It seems to me that a new line keeps being drawn in the sand after stepping back another foot or two or more. Will we ever stop and stand our ground and say "no more"?

Funny how we still ended up in a world war back then despite the apologies and appeasements...
Thanks for the post Tim... a good one indeed

Wednesday, February 22, 2006

Lonely deaths!

NSW in Australia is having a spate of deaths of elderly people which are not being discovered for months. This is quite sad!

Community life has been declining over many years. I remember as a child, everybody knew everybody. We did not need to lock our doors at night. If someone needed help, it was readily available within the community. I can't imagine a death going unnoticed for more than a day... someone would have been checking. We've lost something precious. Now, who feels safe?

Here's the sad litany:

1) A 62-year-old man was found dead on February 12 in the Northcott apartments in Surry Hills. He's been dead about 6 months.

2) A 79-year-old-woman's mail had been piling up at Umina Beach post office since last August. She was found dead after 6 months. The discovery of a man's skeleton in Sydney had alerted postal workers on the Central Coast that there may be a similar tragedy in their neighbourhood. Read it here.

3) On Sunday (Feb 19), police found the body of Peter Newman, 63, in a Waterloo housing commission block. His death went unnoticed for eight months by housing officials. Mr Newman, who lived in a single-bedroom unit on the 15th floor, was the third elderly person in NSW in a fortnight to die alone.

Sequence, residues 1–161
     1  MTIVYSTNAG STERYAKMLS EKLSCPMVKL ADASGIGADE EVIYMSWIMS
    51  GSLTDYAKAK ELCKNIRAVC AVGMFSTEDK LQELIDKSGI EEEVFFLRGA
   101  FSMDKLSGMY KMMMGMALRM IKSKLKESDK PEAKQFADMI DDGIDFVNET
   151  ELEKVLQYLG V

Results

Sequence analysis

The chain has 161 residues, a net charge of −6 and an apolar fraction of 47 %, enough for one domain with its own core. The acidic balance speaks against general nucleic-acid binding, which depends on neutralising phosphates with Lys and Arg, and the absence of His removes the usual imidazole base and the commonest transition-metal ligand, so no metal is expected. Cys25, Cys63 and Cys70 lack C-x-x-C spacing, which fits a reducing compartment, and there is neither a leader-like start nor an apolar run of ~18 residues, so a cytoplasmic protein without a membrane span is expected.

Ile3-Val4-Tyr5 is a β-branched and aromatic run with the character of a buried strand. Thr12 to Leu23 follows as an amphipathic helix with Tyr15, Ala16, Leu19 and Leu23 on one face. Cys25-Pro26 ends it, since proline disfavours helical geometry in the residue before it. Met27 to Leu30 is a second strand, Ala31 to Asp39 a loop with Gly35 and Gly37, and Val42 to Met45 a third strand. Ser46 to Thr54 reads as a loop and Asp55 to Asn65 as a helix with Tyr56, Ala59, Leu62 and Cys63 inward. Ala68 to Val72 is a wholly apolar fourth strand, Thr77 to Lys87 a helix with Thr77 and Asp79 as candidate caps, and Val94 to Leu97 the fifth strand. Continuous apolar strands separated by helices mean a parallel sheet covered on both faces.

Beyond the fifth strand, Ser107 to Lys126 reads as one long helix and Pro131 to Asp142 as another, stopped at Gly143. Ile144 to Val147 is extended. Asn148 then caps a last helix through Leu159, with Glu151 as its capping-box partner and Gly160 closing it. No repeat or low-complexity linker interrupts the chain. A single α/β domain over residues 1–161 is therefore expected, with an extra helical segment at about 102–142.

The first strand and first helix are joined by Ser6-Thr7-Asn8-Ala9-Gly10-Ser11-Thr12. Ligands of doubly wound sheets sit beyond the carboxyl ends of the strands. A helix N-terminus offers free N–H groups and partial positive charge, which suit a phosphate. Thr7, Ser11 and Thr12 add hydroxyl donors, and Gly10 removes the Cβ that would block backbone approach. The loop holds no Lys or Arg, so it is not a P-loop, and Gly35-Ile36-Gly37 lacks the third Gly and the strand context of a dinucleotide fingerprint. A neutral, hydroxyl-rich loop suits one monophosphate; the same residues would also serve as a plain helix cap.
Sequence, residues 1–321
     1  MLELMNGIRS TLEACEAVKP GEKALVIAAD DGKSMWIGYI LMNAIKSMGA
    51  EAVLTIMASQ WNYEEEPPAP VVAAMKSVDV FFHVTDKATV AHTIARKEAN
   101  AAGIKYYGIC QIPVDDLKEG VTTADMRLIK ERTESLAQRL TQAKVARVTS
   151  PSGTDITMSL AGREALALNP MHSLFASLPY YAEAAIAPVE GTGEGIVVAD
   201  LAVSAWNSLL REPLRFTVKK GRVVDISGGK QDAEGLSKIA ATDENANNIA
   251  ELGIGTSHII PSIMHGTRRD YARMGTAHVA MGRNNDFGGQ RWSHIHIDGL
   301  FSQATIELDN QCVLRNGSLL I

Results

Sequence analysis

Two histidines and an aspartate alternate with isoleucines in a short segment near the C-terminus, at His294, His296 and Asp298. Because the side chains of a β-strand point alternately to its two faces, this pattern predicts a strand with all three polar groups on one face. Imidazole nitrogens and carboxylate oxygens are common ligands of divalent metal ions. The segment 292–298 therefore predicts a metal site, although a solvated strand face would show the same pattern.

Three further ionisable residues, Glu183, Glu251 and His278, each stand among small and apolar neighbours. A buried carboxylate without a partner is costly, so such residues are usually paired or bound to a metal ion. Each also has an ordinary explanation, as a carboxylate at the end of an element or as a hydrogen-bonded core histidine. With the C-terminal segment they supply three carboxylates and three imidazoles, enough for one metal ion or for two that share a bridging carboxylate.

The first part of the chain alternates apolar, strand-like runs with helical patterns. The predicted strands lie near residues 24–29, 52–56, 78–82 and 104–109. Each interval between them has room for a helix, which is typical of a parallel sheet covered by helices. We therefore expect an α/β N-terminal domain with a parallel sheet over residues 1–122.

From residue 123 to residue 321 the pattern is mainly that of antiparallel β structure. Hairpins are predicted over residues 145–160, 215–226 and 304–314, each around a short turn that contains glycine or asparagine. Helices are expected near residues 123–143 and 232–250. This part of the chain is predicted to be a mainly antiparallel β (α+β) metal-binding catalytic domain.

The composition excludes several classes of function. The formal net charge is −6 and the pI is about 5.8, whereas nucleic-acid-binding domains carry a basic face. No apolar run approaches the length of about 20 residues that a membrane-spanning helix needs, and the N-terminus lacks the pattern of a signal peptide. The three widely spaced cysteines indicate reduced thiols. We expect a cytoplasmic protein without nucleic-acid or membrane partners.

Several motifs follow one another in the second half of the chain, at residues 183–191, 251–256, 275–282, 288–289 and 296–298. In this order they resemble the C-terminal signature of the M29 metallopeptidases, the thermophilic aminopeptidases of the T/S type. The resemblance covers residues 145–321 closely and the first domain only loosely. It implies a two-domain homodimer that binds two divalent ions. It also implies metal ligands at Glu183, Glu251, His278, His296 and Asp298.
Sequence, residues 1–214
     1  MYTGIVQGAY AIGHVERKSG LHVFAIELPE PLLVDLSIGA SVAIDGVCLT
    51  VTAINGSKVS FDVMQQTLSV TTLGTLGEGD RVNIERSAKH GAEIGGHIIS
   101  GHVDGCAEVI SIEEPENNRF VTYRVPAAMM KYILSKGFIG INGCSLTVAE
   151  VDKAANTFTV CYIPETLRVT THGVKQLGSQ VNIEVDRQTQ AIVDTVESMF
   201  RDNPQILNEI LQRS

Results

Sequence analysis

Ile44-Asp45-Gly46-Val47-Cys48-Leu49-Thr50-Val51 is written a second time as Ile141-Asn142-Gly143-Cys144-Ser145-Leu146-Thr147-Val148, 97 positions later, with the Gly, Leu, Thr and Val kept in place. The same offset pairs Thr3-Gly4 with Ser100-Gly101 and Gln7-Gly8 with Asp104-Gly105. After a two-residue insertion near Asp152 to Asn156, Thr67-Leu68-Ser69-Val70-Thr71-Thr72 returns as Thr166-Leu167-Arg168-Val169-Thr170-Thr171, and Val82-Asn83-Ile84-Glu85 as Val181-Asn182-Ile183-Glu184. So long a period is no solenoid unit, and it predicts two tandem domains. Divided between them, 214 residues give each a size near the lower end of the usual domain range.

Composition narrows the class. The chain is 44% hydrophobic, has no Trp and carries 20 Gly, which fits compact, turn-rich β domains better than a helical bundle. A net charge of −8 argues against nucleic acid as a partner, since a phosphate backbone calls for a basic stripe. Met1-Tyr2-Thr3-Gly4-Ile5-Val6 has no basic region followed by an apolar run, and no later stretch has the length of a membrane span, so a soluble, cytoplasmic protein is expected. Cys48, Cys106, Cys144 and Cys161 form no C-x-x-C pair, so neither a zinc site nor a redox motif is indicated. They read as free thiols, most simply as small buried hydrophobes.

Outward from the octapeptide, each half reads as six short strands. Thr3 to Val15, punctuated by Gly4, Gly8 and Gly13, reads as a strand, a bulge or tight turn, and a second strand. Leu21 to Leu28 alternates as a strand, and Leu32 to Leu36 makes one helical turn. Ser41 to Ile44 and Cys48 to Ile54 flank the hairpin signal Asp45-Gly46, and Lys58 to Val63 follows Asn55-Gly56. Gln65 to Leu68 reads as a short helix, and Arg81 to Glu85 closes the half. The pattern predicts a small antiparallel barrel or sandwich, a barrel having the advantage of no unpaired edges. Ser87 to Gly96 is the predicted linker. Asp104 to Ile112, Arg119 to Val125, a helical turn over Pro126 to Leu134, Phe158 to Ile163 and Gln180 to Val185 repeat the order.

Read about it here.

4) Now an old couple have found dead next to each other in bed in their Watson Street unit at Neutral Bay on Sydney's North Shore. They'd been married 65 years. A note was found and police are awaiting the results of toxicology tests before deciding whether the deaths were suicide. Police said the 82-year-old husband had been ill for some years, possibly with a terminal condition, and his wife, 78, had also been unwell.
Read about it here.

Tuesday, February 21, 2006

How do we deal with the anger and rage?

How should we be responding to all the anger and rage that seem to be flowing like a raging unstoppable torrent all across the world? Responding in kind is not going to lead anywhere except to more conflagration. There may be nothing humanly possible that can cool the heat.

An interesting article suggest praying blessings over the Muslims. I can do that.

Have a look at "Bless, Don't Curse".

Monday, February 20, 2006

A Really Great Animated Cartoon!

I've been wanting to get a link to this cartoon up for a couple of days but have procrastinated... maybe I've been nervous about putting my head too far out there ... don't know.

The animation, does point out how inconsistent reactions are to a piece of paper when there has been so much genocide in Darfur and elsewhere.

Here’s a link to the animated cartoon called “Gevoelig” (it means “sensitive” in Dutch). Joep Bertrams, a Dutch political cartoonist, is the artist. Very creative!

I originally found a link to it at Michelle Malkin's blog. The cartoon is just classic!!!